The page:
Villa Prezelski: Remembering the day Kennedy died
On Nov. 22, 1963 I was just couple of months in my freshman year at the University of Arizona. I hung out with about 10 or 12 kids at “our” table in the section of the Student Union known as The Coop. We were mostly kids from Pueblo High, still uncomfortable in the world of 300-seat classrooms and wealthy fraternity boys in which we found ourselves. We clung to each other as if we were life lines in a stormy sea.
I was sipping on a Coke when Janie came in. She wasn’t from Pueblo, but she had joined our group and fit right in. Janie was upset. She said that Kennedy had been shot. We didn’t believe her. She repeated the story, begged us to believe her and began to cry. Then we realized what she was saying was true.
It was then that some of us remembered that the one-and-only television in the building was downstairs, in Louie’s Lower Level. We ran down and I got there just in time to see Walter Cronkite take off his black-rimmed glasses, fight back the tears and say that the president was dead. There must have been a hundred people in that room but you could have heard a pin drop. We all just stood there staring at that black and white image on the screen, hoping Cronkite would come back on and tell us there had been a mistake.
Only a few moments passed before I realized the need talk to my parents. They didn’t listen much to the radio anymore and the television didn’t come on until after lunch. I climbed the stairs and went to the row of wooden phone booths in the Student Union lobby.
Papa never answered the phone, so I knew that it would be Mama I would be talking to. I didn’t handle the situation very tactfully. I barely gave her time to say “hello” before I blurted out in Spanish “Mama, they killed the president!” She had me repeat what I had just said and then yelled out the news to Papa.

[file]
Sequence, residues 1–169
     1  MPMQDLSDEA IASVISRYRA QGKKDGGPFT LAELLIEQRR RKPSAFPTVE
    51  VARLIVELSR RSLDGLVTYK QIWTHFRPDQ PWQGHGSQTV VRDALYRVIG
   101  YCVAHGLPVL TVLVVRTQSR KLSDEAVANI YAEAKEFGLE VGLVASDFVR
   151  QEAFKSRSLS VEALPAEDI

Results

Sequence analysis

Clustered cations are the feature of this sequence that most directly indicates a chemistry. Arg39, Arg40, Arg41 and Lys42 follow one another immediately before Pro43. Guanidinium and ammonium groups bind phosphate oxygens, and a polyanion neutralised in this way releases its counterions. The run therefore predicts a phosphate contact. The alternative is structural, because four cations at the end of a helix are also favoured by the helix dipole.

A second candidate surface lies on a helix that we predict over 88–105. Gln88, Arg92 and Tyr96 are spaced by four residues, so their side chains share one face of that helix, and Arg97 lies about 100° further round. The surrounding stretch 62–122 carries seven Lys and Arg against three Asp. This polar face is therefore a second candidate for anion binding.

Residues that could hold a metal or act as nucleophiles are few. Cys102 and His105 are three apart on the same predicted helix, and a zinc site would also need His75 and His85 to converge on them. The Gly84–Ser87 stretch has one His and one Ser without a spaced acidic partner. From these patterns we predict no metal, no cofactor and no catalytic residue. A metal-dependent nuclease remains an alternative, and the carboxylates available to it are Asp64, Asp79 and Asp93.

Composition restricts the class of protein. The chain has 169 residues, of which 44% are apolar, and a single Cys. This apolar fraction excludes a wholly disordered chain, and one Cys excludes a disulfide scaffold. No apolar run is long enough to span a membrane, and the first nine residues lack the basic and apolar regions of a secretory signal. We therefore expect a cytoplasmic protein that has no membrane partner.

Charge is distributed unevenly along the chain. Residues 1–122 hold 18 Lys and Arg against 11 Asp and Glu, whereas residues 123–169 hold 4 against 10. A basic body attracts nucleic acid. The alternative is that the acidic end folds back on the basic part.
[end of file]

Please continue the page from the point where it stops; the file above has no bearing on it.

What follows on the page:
They later told me they had just sat down to lunch when I called. Food was never allowed to go to waste at our house, but that day the lunch was left uneaten. Mama and Papa spent the rest of the afternoon doing what most of Americans did that day, with their eyes fixed on the television.
When I got back to The Coop most of the kids were already there. The news was that classes had been cancelled but no one seemed to be in any hurry to go home. Whatever conversation there was was spoken in hushed, short sentences. Most of what we said has long since faded from my memory but I do remember something John said. “Gee,” he said about the cancellation of classes. “I wish I had known. I would have made plans.” He was too shell-shocked, of course, to realize what he was saying and we were too stunned to react to it. In fact, it took me several years to process it.
The next several days were a blur. I watched Jack Ruby kill Lee Harvey Oswald on live television. I watched the funeral in Washington and learned about riderless horses and other traditions that were new to me. I also found myself thinking about shallow, silly things. How, I wondered, could Jackie walk that whole procession in high heels?
When classes started again my first one was Western Civilization, one of those huge classes, taught in auditorium-sized lecture hall. The professor, Dr. Donahoe, was very old-fashioned and ran a tight ship. His teaching assistants would lock the doors when his lecture began, so late comers were out of luck. We had assigned seats and the T.A.s took attendance. He once caught a student trying to tape the lecture and kicked him out. But on this first day back Dr. Donahoe showed his softer side. He always began his lecture with the same phrase. “Let us continue,” he would say and then open his notebook. This lecture began differently. “Under these circumstances,” he said solemnly. “It is difficult to continue, but that is what we must do.”
We have continued, my university, my country and me. But anyone who lived through those painful times will tell you: We have gone on. But we are forever changed and just a little bit scarred.